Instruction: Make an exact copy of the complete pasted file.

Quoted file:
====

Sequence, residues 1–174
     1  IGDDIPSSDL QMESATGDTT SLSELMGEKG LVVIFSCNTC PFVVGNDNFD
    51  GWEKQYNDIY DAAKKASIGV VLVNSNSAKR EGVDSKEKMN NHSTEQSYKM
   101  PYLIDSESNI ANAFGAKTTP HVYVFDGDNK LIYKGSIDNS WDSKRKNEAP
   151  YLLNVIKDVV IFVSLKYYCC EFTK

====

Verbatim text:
Sequence, residues 1–174
     1  IGDDIPSSDL QMESATGDTT SLSELMGEKG LVVIFSCNTC PFVVGNDNFD
    51  GWEKQYNDIY DAAKKASIGV VLVNSNSAKR EGVDSKEKMN NHSTEQSYKM
   101  PYLIDSESNI ANAFGAKTTP HVYVFDGDNK LIYKGSIDNS WDSKRKNEAP
   151  YLLNVIKDVV IFVSLKYYCC EFTK